Spelunking in Carlsbad Cavern, New Mexico

West Texas, the road to Carlsbad

I tend to be slightly claustrophobic.  I need to have a few feet of open space in front of my face, so small, tight spaces will usually produce minor panic attacks in me. I had no idea I was like this until I went spelunking.  I was young and adventurous, on my back, inching my way into a cave in upstate New York, the cold granite roof of the cave entrance inches from my face. It’s not like I freaked out, just heart palpitations, a cold sweat and a mad desire to get out of there. Now. My companions had to back out so I could escape and I spent a pleasant few hours sitting in the sun while they went exploring without me. That was the last time I went anywhere near a cave. Until Carlsbad Caverns in New Mexico.

Guadalupe Mountains

We were camped at the Van Horn, Texas KOA Campground. We were at a crossroads. We could go south to Big Bend National Park, east to San Antonio or north to see the Guadalupe Mountains and Carlsbad Cavern National Park.  We opted for the caves. Carlsbad is one of the worlds largest caves, actually it is comprised of hundreds of limestone caves. The largest, The Big Room, is 4000 feet (1220m) long and 255 feet (78M) high. I didn’t think claustrophobia would be an issue. The drive itself was spectacular. West Texas is a vast tract of wide open ranch land split in half by long straight roads, one lane in each direction.The gently rolling landscape of scrub brush turned into larger buttes and  high plateaus as we neared Guadalupe Mountains National Park and El Capitan and Guadalupe Peak loom in the distance.

El Capitan, near Carlsbad, New Mexico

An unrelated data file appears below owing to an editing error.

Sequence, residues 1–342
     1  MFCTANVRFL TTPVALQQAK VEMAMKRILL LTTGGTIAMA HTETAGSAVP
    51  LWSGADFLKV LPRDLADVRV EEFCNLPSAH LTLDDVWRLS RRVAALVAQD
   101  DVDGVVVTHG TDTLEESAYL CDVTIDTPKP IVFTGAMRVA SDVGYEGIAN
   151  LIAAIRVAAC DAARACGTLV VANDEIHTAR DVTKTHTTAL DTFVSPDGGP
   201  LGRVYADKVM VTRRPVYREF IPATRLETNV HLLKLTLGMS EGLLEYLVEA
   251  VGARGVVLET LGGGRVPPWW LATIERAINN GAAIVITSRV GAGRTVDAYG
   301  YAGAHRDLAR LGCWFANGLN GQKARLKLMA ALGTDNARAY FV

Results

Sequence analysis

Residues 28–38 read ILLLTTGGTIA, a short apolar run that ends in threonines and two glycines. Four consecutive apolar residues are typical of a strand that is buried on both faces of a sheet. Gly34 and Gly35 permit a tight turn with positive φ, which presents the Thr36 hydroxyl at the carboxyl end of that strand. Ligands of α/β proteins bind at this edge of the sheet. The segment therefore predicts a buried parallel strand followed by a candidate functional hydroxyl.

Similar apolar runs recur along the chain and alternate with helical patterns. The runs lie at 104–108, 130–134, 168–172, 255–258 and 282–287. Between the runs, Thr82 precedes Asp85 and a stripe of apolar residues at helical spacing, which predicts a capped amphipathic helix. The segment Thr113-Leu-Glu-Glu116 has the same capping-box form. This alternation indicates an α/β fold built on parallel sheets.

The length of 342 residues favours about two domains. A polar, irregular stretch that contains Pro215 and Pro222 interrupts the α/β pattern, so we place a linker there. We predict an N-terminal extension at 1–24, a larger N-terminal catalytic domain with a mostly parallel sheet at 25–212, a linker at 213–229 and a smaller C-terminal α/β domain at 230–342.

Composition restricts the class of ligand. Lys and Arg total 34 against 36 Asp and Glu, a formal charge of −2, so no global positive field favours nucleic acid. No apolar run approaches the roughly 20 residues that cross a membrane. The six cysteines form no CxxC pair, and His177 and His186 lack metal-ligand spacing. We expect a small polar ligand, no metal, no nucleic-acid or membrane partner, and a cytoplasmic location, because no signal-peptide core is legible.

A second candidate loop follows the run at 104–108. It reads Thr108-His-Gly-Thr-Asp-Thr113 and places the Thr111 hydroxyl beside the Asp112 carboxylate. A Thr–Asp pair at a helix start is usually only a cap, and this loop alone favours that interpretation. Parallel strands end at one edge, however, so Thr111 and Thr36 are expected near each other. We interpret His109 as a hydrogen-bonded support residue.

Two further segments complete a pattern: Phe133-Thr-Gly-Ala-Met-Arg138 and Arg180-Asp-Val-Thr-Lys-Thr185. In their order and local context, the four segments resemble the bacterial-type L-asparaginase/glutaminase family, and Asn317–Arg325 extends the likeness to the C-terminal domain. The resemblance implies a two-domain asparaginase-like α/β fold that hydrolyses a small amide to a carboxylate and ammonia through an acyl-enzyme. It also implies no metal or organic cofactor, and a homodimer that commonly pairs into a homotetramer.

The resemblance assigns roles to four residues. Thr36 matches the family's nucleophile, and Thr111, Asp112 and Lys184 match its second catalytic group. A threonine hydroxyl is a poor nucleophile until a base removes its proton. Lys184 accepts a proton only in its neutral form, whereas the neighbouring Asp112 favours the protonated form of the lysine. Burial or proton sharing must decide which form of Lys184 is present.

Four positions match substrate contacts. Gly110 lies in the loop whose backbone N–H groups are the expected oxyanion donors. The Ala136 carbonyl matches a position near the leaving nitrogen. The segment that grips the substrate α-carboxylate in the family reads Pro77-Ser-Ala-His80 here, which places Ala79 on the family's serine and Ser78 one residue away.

entrance

Journey to the center of the earth starts here

You can take an elevator down into the caves of Carlsbad or you can take the natural entrance, a large hole in the rock cliff used by the original explorers. Of course now it has a paved, well lit, switchback trail. No ropes, ladders or lanterns required. The limestone cave was formed 500,000 years ago when the area was the edge of an inland sea. The rest of it, the glimmering rock formations, the stalactites and stalagmites, the columms where they merge, the undulating waves of rocks and mineral all happened much more slowly, drop by drop. Take some water, dripping, seeping, evaporating and billions of drops later you get the magical, mysterious beauty of Carlsbad. It’s dark, damp, cold and subtly  lit. The photos can’t begin to do it justice. There are also about one million bats residing at Carlsbad. During the day they crowd together in, appropriately enough, the Bat Cave. At dusk you can sit in the amphitheater as the sun goes goes and watch them swarm out skyward for their nightly hunt.

Stalagmites from the floor, stalactites from the ceiling

Dark shadows and subtle lighting enhanced the experience

We spent several hours wandering the depths of the Carlsbad, drifting from cave to cave.  Totem Pole, Witches Finger, Bottomless Pit, Temple of the Sun, the names were as numerous as the types of  rock formations. We left tired, chilled, eyes readjusting to the bright sunlight. It had been decades since my last venture into a cave, this one was much more enjoyable.

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About JudithC99

Wanderer. Writer. Artist. Photographer. Learner. Traveler of the Red Roads

11 comments

  1. I made this trip last year…fascinating!

  2. Such an interesting place! Nice post.

  3. This is seriously going on my Bucket List!! It looks amazing! 🙂

  4. Was there in the 70’s. I wonder how much has changed?

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